#Iterate through each date in the range created above
    for single_date in date_range:
            #Determine how many rows to create, using mean and stdev of observed rowcounts from the above json. Add 1 to ensure we generate at least one record.
            rows_to_generate = 1 + math.ceil(rand.normalvariate(warehouse_json[warehouse_id]["avg_rowcount"],warehouse_json[warehouse_id]["stDev_rowcount"]))
            #Generate the rows, plugging in the warehouse ID and date, and using rand to create values based on observed means and stdev
            for i in range(0, rows_to_generate):
                new_row = [
                    warehouse_id,
                    single_date,
                    abs(rand.normalvariate(warehouse_json[warehouse_id]["avg_CntQty"], warehouse_json[warehouse_id]["stDev_CntQty"])),
                    abs(rand.normalvariate(warehouse_json[warehouse_id]["avg_SysQty"], warehouse_json[warehouse_id]["stDev_SysQty"]))
                ]
                #Append the new row to the data frame created above. There's probably a better way to do this.
                df_test_data.loc[len(df_test_data)] = new_row

    #write the completed df to a csv
    output_path = '' + warehouse_id + 'TaskDetails.csv' #Filepath snipped out for privacy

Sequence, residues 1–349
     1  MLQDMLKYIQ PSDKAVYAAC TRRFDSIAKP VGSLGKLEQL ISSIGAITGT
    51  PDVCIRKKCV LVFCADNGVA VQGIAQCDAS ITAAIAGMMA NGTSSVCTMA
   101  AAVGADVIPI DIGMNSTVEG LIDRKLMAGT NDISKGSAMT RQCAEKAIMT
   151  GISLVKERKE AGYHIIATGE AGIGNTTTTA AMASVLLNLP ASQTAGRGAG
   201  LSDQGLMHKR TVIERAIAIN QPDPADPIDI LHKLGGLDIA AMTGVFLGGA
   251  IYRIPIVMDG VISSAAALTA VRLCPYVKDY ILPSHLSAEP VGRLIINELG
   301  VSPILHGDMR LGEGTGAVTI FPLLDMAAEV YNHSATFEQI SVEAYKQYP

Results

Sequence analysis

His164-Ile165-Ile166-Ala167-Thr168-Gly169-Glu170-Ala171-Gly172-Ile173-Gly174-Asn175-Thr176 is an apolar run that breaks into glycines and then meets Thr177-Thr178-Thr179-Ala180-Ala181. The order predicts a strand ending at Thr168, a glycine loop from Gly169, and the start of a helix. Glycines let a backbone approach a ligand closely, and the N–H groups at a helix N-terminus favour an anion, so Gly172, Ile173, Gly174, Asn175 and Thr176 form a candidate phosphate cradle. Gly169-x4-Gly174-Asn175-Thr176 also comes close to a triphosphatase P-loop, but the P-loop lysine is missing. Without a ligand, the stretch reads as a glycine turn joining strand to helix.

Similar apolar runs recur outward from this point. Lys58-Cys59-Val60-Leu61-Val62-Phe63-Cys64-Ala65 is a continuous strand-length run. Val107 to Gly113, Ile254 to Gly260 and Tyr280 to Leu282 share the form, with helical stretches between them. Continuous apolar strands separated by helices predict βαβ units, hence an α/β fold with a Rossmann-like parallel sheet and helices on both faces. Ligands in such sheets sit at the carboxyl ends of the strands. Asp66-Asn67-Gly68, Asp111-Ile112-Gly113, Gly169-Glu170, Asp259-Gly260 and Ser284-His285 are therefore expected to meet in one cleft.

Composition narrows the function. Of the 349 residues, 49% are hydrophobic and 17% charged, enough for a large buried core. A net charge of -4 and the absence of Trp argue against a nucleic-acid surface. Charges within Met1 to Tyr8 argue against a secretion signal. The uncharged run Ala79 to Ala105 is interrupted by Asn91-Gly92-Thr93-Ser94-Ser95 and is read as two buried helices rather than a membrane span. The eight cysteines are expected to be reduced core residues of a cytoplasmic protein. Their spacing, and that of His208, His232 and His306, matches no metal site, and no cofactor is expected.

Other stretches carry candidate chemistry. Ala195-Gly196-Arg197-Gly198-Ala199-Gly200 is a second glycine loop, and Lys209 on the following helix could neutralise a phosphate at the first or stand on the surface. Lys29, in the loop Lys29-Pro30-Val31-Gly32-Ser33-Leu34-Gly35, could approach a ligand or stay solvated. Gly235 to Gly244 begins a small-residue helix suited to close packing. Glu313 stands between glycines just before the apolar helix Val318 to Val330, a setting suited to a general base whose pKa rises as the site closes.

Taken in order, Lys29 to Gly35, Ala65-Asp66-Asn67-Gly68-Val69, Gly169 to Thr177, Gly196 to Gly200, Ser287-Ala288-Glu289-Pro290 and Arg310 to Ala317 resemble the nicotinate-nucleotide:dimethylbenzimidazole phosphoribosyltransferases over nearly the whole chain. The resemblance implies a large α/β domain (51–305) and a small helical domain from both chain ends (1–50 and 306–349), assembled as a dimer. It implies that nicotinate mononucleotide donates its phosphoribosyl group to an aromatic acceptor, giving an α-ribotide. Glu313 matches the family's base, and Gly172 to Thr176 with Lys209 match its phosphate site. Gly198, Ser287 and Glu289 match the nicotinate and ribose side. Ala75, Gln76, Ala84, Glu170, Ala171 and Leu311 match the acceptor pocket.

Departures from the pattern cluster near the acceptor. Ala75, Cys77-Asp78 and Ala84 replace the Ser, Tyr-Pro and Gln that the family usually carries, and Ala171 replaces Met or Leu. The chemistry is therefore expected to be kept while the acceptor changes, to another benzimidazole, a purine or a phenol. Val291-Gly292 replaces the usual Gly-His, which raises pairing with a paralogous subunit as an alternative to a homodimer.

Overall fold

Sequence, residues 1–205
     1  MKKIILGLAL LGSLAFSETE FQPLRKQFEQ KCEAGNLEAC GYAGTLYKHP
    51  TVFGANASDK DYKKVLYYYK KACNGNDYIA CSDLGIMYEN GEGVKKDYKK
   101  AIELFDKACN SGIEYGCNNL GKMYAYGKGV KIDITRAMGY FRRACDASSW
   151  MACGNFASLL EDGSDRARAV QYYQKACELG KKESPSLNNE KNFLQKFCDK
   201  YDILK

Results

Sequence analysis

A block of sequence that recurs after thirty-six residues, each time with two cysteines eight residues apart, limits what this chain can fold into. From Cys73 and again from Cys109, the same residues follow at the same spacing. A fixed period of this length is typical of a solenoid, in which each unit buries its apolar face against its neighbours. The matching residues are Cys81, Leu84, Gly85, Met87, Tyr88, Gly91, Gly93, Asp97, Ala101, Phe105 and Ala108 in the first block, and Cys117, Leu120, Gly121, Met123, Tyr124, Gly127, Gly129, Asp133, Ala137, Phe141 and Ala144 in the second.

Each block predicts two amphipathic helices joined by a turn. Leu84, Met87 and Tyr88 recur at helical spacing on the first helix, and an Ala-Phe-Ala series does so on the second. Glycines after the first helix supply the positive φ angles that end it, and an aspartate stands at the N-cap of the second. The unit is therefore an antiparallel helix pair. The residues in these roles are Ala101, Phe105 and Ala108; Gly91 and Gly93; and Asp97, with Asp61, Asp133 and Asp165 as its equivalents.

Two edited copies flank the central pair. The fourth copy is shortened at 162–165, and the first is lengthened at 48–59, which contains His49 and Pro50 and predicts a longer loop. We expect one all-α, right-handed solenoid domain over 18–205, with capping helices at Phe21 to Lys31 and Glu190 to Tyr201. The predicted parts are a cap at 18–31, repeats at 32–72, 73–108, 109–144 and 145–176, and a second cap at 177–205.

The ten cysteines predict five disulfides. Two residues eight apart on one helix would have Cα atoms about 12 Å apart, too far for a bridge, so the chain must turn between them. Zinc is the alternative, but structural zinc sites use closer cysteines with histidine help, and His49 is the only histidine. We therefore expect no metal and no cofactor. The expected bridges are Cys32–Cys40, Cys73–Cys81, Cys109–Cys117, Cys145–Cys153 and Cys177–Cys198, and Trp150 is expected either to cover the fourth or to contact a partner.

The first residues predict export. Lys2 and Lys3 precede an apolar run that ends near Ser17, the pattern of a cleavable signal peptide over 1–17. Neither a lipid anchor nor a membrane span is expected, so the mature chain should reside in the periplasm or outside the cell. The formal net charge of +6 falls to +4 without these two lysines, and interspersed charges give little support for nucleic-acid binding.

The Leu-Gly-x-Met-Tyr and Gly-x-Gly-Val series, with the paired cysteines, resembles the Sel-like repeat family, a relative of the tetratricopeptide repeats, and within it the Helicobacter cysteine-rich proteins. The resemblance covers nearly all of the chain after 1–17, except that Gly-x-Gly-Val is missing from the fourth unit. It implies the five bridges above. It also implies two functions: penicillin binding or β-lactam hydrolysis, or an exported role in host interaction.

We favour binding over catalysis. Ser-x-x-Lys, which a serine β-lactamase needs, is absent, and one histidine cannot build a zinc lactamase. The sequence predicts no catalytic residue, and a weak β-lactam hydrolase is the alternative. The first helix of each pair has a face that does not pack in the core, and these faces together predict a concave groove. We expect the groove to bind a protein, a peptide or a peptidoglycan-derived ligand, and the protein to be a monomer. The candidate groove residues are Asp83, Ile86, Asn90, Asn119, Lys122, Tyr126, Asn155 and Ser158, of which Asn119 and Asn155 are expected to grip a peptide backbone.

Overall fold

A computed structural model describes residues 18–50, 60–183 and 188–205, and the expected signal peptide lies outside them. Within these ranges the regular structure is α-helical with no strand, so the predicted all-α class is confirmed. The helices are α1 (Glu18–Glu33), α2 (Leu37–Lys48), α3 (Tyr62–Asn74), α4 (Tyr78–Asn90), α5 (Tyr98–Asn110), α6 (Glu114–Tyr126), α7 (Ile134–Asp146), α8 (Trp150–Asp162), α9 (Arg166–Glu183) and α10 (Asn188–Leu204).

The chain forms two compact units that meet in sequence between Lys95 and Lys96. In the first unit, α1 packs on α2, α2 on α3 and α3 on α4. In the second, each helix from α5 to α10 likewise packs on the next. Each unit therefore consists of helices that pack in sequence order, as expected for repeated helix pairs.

df_test_data.to_csv(output_path,index=False)

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  • 1
    \$\begingroup\$ The daily quantities of an item in a warehouse are not independent random variables. The quantity today is likely to be correlated to the quantity yesterday. So it might make more sense to randomly generate the day-to-day changes rather than randomly generate the daily values directly. \$\endgroup\$
    – RootTwo
    Jun 30, 2023 at 7:05

1 Answer 1

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Forgive my saying so, but

  • Clipping a normal distribution to have a minimum of 0 introduces significant statistical bias and doesn't make much sense;
  • ceil() also introduces bias; and
  • Applying an abs() makes far less sense and will produce a bizarre distribution indeed.

In the latter case, at the very least, demote that to a clip(); but with this approach this program will be a lie. Your target means will not be the means of tendency in its current form. There are options to get around this, each requiring a lie of some kind:

  • use the clipped normal and add a maximum twice the mean, which achieves the same mean but probably won't have the same standard deviation and won't be exactly normal;
  • use a uniform distribution instead with bounds chosen to get your same mean and standard deviation (which is only possible if the difference between your mean and minimum is less than sqrt 3 * your stdev); or
  • use a non-normal distribution such as lognorm, which achieves the same mean and standard deviation but will lose the normality you attempted.

Delete all of your code and replace it with a vectorised version that uses Numpy and Pandas. Don't iterate over each row.

When generating test data for most applications, it's very important that you set a constant (or at least explicitly-determined) random seed.

Clipped normals

import numpy as np
import pandas as pd

from numpy.random import default_rng


rand = default_rng(seed=0)
start_date = '2021-01-01'
end_date = '2023-06-28'

warehouse_data = {
    "A": {
        "avg_rowcount": 10,